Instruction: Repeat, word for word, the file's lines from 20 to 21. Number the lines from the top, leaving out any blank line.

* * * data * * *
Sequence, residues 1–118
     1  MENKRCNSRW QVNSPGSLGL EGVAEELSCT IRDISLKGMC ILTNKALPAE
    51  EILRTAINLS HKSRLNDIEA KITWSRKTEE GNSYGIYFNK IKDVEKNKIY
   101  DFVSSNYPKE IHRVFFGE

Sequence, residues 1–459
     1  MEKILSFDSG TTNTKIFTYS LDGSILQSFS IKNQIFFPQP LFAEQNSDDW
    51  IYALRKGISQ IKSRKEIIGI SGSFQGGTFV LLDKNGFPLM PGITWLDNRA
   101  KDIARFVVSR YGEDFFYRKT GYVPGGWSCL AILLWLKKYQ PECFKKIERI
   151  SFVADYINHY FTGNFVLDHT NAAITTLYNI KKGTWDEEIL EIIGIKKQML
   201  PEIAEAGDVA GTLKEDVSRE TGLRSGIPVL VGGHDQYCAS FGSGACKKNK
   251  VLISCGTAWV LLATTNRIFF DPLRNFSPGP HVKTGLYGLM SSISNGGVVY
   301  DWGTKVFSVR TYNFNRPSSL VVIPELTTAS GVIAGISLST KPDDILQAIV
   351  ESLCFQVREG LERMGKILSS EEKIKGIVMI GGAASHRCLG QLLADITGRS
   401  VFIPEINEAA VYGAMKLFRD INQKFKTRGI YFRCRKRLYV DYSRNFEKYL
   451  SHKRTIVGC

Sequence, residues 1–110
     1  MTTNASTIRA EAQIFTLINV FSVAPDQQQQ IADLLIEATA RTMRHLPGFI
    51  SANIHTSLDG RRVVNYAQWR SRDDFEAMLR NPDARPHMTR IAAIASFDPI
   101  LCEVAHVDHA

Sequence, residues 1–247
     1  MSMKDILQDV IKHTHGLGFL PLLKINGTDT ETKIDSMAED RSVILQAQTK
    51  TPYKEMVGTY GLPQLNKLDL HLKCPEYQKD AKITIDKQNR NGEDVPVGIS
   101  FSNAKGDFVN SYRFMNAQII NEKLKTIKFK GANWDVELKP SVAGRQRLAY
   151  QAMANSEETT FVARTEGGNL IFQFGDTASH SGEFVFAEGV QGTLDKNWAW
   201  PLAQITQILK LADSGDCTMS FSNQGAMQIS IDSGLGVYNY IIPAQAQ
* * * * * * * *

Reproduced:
Sequence, residues 1–247
     1  MSMKDILQDV IKHTHGLGFL PLLKINGTDT ETKIDSMAED RSVILQAQTK